It’s been a bizarre season for the Kentucky offense. A year ago, the Wildcats showed great promise, averaging 32.3 points and 425 yards a game, each the best mark in years for UK. Yes, all-everything wide receiver Wan’Dale Robinson headed to the NFL and, yes, a few offensive linemen moved along. But Kentucky returned developing QB Will Levis, standout RB Chris Rodriguez, a handful of experienced linemen and some skill position standouts. What could go wrong?

Now 7 games into the 2022 season, the answer has been plenty. Kentucky has averaged 26.4 points and 374 yards a game. Levis missed the South Carolina game with a foot injury. Rodriguez missed the first 4 games due to a suspension. Kentucky’s tackles have sometimes been turnstiles (UK allowed 25 sacks last season and has allowed 26 so far in 2022). The receivers are true to their billing, but have had issues with consistency and staying healthy.

But Kentucky’s last game, a 27-17 win against Mississippi State, suggested the Wildcats offense finally might have arrived.

The running game, conspicuously absent for most of 2022, was back. Kentucky’s runners had failed to crack 121 yards for each of the first 6 games of the season. But against the Bulldogs, UK rushed for 239 yards, mostly from Rodriguez. He is a big part of the change, as Kentucky is comfortable running inside the tackles instead of trying to bounce every carry into a high-risk edge run. And maybe it was the good work on the ground affecting the rest of the game, but the Wildcats offensive line kept Levis upright better than it had all season. allowing just 1 sack and 4 tackles for loss, amounting to just minus-8 yards.

Meanwhile, the bye week should have Kentucky’s receiving corps back near 100 percent. Virginia Tech transfer Tayvion Robinson missed the State game, but is apparently well again. Robinson has been Kentucky’s most consistent inside receiver, leading the team in catches (25) and receiving yards (392) as well as tying for the team-high in touchdown grabs (3). Freshmen Dane Key (20 catches, 322 yards, 3 TDs) and Barion Brown (24 catches, 350 yards, 2 TDs) are each improving every week as they gain more experience and familiarity with SEC defenses.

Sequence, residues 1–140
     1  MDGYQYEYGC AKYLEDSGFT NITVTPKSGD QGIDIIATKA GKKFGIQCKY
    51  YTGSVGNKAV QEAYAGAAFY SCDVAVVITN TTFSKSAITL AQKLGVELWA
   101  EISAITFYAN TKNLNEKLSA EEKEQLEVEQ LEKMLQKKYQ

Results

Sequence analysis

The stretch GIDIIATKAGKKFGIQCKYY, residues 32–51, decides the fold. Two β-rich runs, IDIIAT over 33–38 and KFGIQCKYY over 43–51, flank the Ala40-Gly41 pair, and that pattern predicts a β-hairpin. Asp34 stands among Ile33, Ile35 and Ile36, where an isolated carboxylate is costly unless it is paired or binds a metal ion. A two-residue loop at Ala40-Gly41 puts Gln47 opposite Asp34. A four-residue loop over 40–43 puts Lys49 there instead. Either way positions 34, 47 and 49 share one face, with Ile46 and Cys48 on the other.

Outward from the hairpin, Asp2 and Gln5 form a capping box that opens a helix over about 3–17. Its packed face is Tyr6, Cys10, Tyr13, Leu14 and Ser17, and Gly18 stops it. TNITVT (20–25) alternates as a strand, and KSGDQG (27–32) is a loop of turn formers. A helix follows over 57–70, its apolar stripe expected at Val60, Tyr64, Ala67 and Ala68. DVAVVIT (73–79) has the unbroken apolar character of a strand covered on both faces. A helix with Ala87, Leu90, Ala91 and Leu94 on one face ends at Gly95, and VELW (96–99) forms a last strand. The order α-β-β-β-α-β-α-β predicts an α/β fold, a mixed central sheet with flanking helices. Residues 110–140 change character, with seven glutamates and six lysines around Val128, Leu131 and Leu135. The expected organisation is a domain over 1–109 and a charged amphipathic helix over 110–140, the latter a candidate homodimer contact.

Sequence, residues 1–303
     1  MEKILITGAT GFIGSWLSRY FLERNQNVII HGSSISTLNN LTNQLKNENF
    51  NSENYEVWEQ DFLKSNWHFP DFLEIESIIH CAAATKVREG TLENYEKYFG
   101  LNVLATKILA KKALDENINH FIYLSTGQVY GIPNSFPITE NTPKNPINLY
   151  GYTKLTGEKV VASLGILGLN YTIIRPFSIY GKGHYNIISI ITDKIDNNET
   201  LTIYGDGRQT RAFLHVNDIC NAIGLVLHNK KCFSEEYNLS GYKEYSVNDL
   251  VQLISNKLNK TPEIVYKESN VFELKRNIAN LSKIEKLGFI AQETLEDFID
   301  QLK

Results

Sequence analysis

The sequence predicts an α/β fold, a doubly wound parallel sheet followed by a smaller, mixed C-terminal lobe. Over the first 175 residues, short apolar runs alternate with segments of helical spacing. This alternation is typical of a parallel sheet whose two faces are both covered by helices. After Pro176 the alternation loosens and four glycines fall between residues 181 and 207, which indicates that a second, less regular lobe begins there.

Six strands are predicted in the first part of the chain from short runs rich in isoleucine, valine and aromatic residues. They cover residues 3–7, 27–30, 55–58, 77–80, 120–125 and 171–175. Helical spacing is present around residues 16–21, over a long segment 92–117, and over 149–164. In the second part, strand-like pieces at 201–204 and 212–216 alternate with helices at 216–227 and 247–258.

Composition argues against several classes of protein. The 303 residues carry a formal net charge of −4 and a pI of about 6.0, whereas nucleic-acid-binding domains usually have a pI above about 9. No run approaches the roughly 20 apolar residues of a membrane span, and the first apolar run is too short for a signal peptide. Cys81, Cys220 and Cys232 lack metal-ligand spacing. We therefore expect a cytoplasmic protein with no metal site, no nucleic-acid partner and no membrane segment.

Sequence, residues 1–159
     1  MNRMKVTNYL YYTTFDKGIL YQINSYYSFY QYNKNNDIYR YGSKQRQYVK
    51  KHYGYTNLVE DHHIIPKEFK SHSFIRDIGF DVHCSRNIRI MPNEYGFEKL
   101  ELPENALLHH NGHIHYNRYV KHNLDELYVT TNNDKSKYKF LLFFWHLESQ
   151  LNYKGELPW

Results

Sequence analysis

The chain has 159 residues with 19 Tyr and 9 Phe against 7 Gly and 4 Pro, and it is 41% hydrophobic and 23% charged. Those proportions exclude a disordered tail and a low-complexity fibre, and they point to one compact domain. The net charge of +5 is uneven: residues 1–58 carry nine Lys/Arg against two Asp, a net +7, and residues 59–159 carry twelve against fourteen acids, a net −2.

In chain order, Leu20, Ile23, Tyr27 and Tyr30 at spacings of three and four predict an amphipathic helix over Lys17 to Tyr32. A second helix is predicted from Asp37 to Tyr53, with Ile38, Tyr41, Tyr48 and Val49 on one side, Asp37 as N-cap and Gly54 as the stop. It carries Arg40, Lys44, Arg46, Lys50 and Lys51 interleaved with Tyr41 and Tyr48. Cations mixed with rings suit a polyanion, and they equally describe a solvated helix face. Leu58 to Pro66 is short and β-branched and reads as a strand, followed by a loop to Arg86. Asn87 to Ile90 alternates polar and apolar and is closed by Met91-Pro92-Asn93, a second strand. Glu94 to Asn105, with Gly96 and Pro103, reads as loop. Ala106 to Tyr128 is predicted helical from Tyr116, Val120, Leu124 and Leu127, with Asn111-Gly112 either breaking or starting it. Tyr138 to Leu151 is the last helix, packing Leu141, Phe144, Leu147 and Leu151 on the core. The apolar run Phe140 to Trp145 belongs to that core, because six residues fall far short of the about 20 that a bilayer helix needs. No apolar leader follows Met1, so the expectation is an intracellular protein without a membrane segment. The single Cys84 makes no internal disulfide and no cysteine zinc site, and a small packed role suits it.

It’s time for Kentucky’s offense to step forward. In Josh Heupel’s 2 seasons in Knoxville, nobody has beaten Tennessee without scoring at least 31 points (Ole Miss last season). Four of the 6 teams to take down the Vols scored more than 40 points. A year ago, Kentucky put up 612 yards against Heupel’s squad … and still lost, 45-42. Kentucky’s defense has plenty to answer for in regard to UK’s hopes of an upset … and for good reason. The Wildcats are 2nd in the SEC in scoring defense and are high on the SEC rankings in pass defense categories. Then again, so was Alabama.

Kentucky’s best defense may well be keeping the Vols off the field. Kentucky is 2nd in the SEC in time of possession, and the Vols are 2nd to last. If Rodriguez can manage another 150 yard game, if the Big Blue Wall starts to revert to old-timey form and keeps its quarterback upright more often than not, and if Kentucky can be methodical and controlled – as opposed to the chaos that the Vols are unleashing on college football in 2022 – Kentucky could be in decent shape.

Defense matters, particularly for Kentucky. But against Tennessee on Saturday, a UK offense as complete and healthy as at any point this season may have to carry the day. While the long view might not have been optimistic, the Wildcat offense may be rounding into form at exactly the right time.